>Thanks, November 11 Anon. It does seem as though every government funding program concerning health care contains some way of encouraging nurses to move away from nursing care. And then, like the home health care push, they pull the rug out from under the business by removing the money.
>I recently graduated from one of the top nursing schools in the country and I completely fell in love with nursing over the past four years. I want to give my patients the best nursing care possible. If that means going to school for an additional 4 years to earn a DNP then I'm going to do it. If I had to go to school for an additional 20 years I'd do that too. In no way do I want to take the place of a doctor…medical theory is just as important in a health care environment as nursing theory. I feel that it is my duty to provide my patients with the best nursing care possible and a part of that is receiving as much education as I can.
>Most nurses would see the comment of "Why don't you just be a doctor?" as insulting. There is a huge difference in what we do. We spend more time with patients-actively listening, assessing and observing. We know them. We care about what happens to them. They are not just a DX or a procedure to us. Can most doctors say the same? I think not. I, as well, have encountered the same issues with not only residents but physicians with years of experience. No one is infalible. No, really. MD's are not GOD, as much as they seem to think so. Nurses are not 2nd class citizens. In fact, some of us actually have a decent knowledge base. And, sometimes (said w/ much sarcasm) we catch the physicians mistakes.I am an MSN student with over 15 years experience (ER). Oh and btw, most DNPs are obtaining their MSN prior to DNP. So, add another 2-3 yrs to your equation and most programs will not accept you unless you have completed a role option in an advanced PRACTICE setting-thus clinical practice in your specialty. The idea is not Doctor but Doctor of NURSING PRACTICE. It means that they have gotten to the highest point in the profession of nursing. I honestly think disgruntled doctors are teaching the new ones and are perpetuating this BS.I believe there needs to be education about nurses-by nurses for physicians. I read a survey tonight that stated that 96% of nurses interviewed have heard a physician yell at or abuse another nurse. And, we wonder why nurses are racing out the door of the hospitals. How about some recognition and respect for what we do? Yes, we carry out orders. But, our work is difficult and laborious but it is the most rewarding thing I have ever done. I do not do it for the $…as most likely the reason that half the physicians are in their profession. I do it because I care and I make a difference by being a nurse. Research proves that good care by a nurse can be quite beneficial to patients. And, no…I would never want to be a doctor. I hold nurses in much higher esteem as does most of the country. In fact, another study revealed that while nurses are still held in high regards, that going to see an MD was considered lower than going to supermarket or a mechanic.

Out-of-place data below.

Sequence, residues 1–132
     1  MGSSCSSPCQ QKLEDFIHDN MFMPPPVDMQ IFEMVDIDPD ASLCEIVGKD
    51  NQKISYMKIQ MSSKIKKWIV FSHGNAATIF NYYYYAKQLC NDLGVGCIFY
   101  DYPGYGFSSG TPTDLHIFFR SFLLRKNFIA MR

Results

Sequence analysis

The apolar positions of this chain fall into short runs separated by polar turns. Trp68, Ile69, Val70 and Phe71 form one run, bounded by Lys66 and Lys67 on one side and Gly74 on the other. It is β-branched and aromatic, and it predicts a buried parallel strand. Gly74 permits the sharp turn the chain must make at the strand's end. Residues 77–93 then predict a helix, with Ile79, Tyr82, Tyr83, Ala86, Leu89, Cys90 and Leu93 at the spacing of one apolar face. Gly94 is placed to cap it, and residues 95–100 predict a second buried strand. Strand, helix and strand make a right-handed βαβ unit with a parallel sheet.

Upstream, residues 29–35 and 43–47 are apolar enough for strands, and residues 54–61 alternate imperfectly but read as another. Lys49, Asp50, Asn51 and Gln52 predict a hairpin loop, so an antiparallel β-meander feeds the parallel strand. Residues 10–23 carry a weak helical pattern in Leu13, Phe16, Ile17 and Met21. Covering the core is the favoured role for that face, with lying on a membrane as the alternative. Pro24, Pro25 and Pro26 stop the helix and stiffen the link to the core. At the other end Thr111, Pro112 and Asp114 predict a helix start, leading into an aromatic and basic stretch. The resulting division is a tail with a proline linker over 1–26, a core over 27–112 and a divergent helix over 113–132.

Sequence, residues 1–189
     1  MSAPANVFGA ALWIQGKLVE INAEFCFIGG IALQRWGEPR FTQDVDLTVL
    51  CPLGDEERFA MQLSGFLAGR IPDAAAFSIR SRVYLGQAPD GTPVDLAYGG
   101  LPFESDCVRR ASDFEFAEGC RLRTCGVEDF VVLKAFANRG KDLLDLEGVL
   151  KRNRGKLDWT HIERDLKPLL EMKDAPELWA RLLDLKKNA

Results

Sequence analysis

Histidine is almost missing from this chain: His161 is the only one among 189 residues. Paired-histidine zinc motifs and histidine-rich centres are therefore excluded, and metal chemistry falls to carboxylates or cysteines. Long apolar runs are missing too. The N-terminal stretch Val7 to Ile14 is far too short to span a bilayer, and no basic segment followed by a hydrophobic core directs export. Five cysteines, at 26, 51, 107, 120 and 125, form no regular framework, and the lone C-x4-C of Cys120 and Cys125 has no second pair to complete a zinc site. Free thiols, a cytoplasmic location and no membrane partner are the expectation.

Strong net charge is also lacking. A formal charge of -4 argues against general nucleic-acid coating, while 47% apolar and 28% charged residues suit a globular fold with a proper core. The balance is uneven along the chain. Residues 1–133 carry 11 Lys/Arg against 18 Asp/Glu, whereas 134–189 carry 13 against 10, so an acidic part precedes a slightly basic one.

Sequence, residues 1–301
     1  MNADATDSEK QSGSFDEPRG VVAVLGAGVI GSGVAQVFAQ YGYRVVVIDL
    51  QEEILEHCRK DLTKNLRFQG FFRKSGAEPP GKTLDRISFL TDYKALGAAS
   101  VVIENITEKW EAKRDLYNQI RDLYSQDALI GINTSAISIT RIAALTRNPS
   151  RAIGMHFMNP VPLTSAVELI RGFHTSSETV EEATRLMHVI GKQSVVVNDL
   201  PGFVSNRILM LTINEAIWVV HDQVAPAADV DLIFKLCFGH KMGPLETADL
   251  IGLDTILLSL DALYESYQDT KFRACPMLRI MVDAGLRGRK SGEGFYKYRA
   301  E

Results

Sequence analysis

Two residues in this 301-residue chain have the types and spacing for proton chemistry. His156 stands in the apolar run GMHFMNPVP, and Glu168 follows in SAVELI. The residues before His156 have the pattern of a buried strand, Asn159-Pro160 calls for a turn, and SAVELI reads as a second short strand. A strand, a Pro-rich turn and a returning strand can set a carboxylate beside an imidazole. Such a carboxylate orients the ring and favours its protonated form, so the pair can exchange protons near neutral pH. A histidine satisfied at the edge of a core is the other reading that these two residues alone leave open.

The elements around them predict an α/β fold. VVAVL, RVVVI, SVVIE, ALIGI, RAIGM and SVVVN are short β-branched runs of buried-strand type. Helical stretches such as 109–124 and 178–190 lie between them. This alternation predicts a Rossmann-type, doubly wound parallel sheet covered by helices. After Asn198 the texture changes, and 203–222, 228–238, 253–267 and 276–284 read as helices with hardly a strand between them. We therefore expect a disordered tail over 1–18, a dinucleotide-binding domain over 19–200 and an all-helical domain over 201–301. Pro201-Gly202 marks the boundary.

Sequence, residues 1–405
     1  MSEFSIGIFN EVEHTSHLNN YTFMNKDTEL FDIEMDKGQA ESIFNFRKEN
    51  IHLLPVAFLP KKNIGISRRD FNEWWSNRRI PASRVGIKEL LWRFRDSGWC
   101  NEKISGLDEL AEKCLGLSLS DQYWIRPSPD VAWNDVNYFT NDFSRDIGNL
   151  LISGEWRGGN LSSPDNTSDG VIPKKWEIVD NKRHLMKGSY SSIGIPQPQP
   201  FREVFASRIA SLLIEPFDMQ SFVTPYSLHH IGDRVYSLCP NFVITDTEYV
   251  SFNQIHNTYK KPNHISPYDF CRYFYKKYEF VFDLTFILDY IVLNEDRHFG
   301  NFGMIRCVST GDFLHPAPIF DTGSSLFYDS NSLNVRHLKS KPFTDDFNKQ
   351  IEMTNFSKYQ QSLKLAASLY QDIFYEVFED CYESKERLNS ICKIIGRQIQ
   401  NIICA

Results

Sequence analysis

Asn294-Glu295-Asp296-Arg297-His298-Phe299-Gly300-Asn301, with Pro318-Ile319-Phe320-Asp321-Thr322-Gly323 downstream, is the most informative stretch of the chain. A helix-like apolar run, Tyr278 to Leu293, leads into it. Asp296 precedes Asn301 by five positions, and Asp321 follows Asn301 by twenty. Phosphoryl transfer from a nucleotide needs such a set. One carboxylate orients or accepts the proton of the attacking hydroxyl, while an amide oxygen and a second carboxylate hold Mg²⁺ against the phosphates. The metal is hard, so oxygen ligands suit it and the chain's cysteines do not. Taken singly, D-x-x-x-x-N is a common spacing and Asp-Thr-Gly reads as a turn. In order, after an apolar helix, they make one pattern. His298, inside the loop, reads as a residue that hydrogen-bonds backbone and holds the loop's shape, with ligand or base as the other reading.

>Colleen, You are assuming a lot: about motives ($), listening/not listening, aggression against others. I can line up Family Physicians and Internal Medicine doctors that meet all your criteria. I only know about troubles communicating between doctors and NP, which seem philosophical rather than language or years of experience, the rate of referrals to sub-specialists compared to Family Physicians, and the problem that NP's are no more likely to move to underserved areas than physicians, are less likely to provide for 'round the clock call coverage for the patients seen in the office and that quite a few of them subspecialize and work for subspecialists.If it takes as long, and the training is equivalent, why the two degrees, why the two State Boards?
>Whenever i see the post like your's i feel that there are still helpful people who share information for the help of others, it must be helpful for other's. thanx and good job.Management Dissertation Proposal